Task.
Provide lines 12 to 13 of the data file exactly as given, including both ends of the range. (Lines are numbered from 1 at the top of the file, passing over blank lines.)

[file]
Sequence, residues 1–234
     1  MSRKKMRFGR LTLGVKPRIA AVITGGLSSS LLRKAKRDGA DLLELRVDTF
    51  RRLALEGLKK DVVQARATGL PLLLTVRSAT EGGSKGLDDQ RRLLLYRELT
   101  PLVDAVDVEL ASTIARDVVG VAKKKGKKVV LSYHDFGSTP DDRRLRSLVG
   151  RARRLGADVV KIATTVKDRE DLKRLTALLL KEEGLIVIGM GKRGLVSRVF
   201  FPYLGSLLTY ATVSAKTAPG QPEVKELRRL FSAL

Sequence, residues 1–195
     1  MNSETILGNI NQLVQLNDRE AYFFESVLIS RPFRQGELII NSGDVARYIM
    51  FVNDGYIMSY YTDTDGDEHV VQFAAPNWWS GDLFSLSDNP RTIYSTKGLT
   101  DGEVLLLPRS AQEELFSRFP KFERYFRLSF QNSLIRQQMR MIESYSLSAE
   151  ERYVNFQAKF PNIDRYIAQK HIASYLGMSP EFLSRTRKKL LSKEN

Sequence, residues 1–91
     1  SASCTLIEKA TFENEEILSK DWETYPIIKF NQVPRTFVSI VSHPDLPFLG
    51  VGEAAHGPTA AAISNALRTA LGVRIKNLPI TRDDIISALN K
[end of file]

Sequence, residues 1–91
     1  SASCTLIEKA TFENEEILSK DWETYPIIKF NQVPRTFVSI VSHPDLPFLG